HOUSTON — The oil bust that has cost the United States roughly 70,000 energy jobs has become more severe than any downturn in 45 years, Morgan Stanley said Monday, as crude prices fell a sixth day.
Crude prices tumbled below $32 a barrel on Monday, and over the past 19 months have plunged further and for a longer time than even the 1986 oil bust that deeply bruised the Texas economy. Morgan Stanley says the five major downturns since 1970 no longer can be a credible guide as the oil market enters “uncharted territory.”
“No floor in oil prices has been found so far,” Morgan Stanley analysts wrote, saying crude prices show no sign of recovering in the first half of this year. The Organization of the Petroleum Exporting Countries continues to pump oil “at will,” and the emergence of Iranian crude exports could weigh heavily on the market this year, the investment bank noted.
U.S. crude fell $2.18 to $30.98 a barrel on the New York Mercantile Exchange in morning trading, extending a straight six-day loss in 2016 to 16 percent. Brent, the global benchmark, fell $2.23 to $31.33 on the ICE Futures Europe.
The worst downturn in more than four decades likely will bring Big Oil earnings down by 30 percent to 70 percent this year and cut operating cash flows 10 percent to 15 percent, Morgan Stanley said. Oil and gas spending, the investment bank projected, will fall 34 percent from 2014 to 2017.
Nearly half of the high-yield corporate bonds, known as junk bonds, that U.S. oil producers and oil field service companies took out to fuel the domestic shale oil and gas boom are trading at distressed levels.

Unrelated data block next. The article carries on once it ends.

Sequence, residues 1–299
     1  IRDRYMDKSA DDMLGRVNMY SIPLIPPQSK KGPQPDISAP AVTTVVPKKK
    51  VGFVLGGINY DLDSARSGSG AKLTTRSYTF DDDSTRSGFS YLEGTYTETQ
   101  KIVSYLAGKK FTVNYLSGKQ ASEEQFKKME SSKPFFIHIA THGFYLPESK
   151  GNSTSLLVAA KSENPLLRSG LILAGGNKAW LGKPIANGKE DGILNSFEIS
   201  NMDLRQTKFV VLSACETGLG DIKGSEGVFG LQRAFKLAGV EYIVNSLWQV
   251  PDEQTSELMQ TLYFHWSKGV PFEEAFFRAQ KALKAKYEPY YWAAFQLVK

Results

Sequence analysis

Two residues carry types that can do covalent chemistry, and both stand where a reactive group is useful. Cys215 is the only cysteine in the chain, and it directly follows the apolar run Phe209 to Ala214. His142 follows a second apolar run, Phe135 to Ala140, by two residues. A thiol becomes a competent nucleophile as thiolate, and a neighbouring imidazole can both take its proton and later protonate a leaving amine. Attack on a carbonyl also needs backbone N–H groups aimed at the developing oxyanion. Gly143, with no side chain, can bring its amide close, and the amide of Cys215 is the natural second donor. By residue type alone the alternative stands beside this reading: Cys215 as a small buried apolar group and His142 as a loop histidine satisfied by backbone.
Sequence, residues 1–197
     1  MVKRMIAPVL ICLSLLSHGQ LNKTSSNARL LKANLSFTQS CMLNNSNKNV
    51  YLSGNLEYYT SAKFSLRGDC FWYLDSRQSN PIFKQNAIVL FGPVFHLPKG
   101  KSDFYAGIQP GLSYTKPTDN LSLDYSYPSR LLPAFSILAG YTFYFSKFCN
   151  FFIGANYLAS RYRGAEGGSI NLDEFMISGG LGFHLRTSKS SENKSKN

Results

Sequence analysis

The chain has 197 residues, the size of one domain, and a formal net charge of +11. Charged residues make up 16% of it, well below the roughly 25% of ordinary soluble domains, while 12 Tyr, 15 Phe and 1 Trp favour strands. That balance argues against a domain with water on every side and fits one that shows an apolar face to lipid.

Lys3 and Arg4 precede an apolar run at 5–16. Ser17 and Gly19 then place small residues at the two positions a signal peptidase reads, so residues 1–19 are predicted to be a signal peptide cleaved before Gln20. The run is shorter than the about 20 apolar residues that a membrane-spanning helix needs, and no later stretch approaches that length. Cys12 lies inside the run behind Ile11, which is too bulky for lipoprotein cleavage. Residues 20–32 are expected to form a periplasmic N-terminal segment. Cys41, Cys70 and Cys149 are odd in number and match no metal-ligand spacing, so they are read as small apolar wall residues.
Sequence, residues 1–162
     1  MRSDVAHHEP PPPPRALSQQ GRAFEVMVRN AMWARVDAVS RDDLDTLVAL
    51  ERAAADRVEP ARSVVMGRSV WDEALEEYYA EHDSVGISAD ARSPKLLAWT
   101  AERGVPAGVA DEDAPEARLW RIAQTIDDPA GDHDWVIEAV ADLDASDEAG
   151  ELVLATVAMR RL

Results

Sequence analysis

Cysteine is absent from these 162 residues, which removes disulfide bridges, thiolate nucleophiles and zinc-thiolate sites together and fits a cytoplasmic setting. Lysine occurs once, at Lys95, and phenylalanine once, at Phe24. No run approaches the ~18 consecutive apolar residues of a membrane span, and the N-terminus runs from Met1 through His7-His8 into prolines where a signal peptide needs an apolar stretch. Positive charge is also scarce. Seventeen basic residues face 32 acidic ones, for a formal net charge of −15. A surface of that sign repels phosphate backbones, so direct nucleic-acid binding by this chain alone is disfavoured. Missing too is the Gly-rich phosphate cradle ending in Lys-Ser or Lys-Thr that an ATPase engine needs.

And if crude prices stay under $35 a barrel, more than half of the high-yield U.S. oil and gas firms will need to go through a corporate restructuring, said ShaiaHosseinzadeh, head of energy and natural resources at private equity firm WL Ross & Co.
“That doesn’t mean they’re all going to go bankruptcy but they’re going to need some kind of fix,” Hosseinzadeh said.
The financial pressure of sub-$50 oil has started to cut into high-cost U.S. shale production but is also expected to bring output outside of OPEC down this year by an estimated 700,000 barrels. That could help set the stage for an oil-price recovery later this year but it also shows the fiscal difficulties of maintaining production while crude falls.
“You’re starting to see the Rodney Dangerfield barrels come out of the market,” Hosseinzadeh said. “They’re the barrels that are non-shale, non-OPEC: these are the barrels that get no respect but they account for a big part of the market. The biggest is going to be Russia; then South America and the rest of the world.”